Is Varian Medical Systems, Inc. (NYSE:VAR) A High Quality Stock To Own?

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Many investors are still learning about the various metrics that can be useful when analysing a stock. This article is for those who would like to learn about Return On Equity (ROE). We’ll use ROE to examine Varian Medical Systems, Inc. (NYSE:VAR), by way of a worked example.

Our data shows Varian Medical Systems has a return on equity of 22% for the last year. Another way to think of that is that for every $1 worth of equity in the company, it was able to earn $0.22.

Check out our latest analysis for Varian Medical Systems

How Do You Calculate Return On Equity?

The formula for ROE is:

Return on Equity = Net Profit ÷ Shareholders’ Equity

Or for Varian Medical Systems:

22% = US$381m ÷ US$1.7b (Based on the trailing twelve months to March 2019.)

Most readers would understand what net profit is, but it’s worth explaining the concept of shareholders’ equity. It is the capital paid in by shareholders, plus any retained earnings. Shareholders’ equity can be calculated by subtracting the total liabilities of the company from the total assets of the company.

What Does ROE Mean?

Return on Equity measures a company’s profitability against the profit it has kept for the business (plus any capital injections). The ‘return’ is the amount earned after tax over the last twelve months. A higher profit will lead to a higher ROE. So, as a general rule, a high ROE is a good thing. That means it can be interesting to compare the ROE of different companies.

Does Varian Medical Systems Have A Good Return On Equity?

Arguably the easiest way to assess company’s ROE is to compare it with the average in its industry. However, this method is only useful as a rough check, because companies do differ quite a bit within the same industry classification. Pleasingly, Varian Medical Systems has a superior ROE than the average (9.2%) company in the Medical Equipment industry.

NYSE:VAR Past Revenue and Net Income, July 1st 2019
NYSE:VAR Past Revenue and Net Income, July 1st 2019

That’s clearly a positive. In my book, a high ROE almost always warrants a closer look. For example, I often check if insiders have been buying shares .

The Importance Of Debt To Return On Equity

Companies usually need to invest money to grow their profits. That cash can come from retained earnings, issuing new shares (equity), or debt. In the first and second cases, the ROE will reflect this use of cash for investment in the business. In the latter case, the use of debt will improve the returns, but will not change the equity. Thus the use of debt can improve ROE, albeit along with extra risk in the case of stormy weather, metaphorically speaking.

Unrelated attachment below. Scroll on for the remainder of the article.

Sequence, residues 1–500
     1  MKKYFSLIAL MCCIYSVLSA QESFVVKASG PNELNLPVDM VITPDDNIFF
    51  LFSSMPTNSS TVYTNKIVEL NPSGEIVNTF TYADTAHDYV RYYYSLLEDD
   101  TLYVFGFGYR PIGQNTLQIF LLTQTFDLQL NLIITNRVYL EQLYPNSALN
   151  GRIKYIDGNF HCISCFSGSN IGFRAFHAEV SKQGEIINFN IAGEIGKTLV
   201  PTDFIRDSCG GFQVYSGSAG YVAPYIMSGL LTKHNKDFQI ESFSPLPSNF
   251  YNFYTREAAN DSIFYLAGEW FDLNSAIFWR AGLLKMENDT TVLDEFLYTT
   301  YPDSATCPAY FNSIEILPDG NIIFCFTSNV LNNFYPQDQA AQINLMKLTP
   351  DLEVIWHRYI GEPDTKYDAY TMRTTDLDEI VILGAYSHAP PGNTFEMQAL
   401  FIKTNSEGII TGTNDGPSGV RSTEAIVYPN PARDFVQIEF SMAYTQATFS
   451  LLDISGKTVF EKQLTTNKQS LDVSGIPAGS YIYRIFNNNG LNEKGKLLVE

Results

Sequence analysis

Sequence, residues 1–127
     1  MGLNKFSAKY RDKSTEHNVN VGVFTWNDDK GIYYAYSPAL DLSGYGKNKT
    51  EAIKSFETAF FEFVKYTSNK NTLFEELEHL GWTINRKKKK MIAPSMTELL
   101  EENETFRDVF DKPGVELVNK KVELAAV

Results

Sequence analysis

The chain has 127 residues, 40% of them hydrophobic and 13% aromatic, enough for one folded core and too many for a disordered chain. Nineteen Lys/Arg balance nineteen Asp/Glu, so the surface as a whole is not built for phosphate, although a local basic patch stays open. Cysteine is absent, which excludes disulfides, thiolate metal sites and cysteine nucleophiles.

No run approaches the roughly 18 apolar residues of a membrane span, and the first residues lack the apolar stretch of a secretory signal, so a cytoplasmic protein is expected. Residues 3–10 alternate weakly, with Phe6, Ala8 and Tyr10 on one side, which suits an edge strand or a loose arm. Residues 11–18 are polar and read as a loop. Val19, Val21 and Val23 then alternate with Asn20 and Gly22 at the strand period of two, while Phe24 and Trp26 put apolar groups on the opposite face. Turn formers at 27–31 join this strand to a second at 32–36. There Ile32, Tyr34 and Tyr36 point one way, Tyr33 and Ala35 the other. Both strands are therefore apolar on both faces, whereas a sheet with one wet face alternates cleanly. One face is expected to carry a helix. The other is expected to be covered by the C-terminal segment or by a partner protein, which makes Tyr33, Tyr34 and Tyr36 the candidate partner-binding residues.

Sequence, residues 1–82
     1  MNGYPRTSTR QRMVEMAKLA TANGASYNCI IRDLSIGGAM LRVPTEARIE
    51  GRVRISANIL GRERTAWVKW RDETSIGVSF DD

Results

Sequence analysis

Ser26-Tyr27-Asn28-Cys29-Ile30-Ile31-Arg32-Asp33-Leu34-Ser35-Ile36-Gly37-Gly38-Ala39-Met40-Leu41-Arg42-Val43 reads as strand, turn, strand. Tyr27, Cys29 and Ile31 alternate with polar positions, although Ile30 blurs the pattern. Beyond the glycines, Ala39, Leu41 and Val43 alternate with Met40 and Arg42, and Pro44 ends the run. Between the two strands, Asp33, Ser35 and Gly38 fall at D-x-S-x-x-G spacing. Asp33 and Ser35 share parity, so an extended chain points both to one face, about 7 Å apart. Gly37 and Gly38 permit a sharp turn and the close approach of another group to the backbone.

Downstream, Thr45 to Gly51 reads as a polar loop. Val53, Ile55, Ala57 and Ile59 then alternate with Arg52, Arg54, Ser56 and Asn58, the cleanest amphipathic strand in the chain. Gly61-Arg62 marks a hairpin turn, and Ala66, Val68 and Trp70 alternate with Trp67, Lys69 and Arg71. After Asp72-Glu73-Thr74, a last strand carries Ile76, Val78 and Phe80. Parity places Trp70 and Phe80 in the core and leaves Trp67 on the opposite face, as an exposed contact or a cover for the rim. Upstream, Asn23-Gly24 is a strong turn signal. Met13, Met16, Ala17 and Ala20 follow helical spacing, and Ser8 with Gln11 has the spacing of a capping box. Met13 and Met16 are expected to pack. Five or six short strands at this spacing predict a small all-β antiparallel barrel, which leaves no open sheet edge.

Varian Medical Systems’s Debt And Its 22% ROE

Varian Medical Systems is free of net debt, which is a positive for shareholders. Its ROE already suggests it is a good business, but the fact it has achieved this — and doesn’t borrowings — makes it worthy of further consideration, in my view. After all, when a company has a strong balance sheet, it can often find ways to invest in growth, even if it takes some time.

But It’s Just One Metric

Return on equity is one way we can compare the business quality of different companies. A company that can achieve a high return on equity without debt could be considered a high quality business. If two companies have the same ROE, then I would generally prefer the one with less debt.

But ROE is just one piece of a bigger puzzle, since high quality businesses often trade on high multiples of earnings. Profit growth rates, versus the expectations reflected in the price of the stock, are a particularly important to consider. So you might want to take a peek at this data-rich interactive graph of forecasts for the company.

Of course, you might find a fantastic investment by looking elsewhere. So take a peek at this free list of interesting companies.

We aim to bring you long-term focused research analysis driven by fundamental data. Note that our analysis may not factor in the latest price-sensitive company announcements or qualitative material.

If you spot an error that warrants correction, please contact the editor at editorial-team@simplywallst.com. This article by Simply Wall St is general in nature. It does not constitute a recommendation to buy or sell any stock, and does not take account of your objectives, or your financial situation. Simply Wall St has no position in the stocks mentioned. Thank you for reading.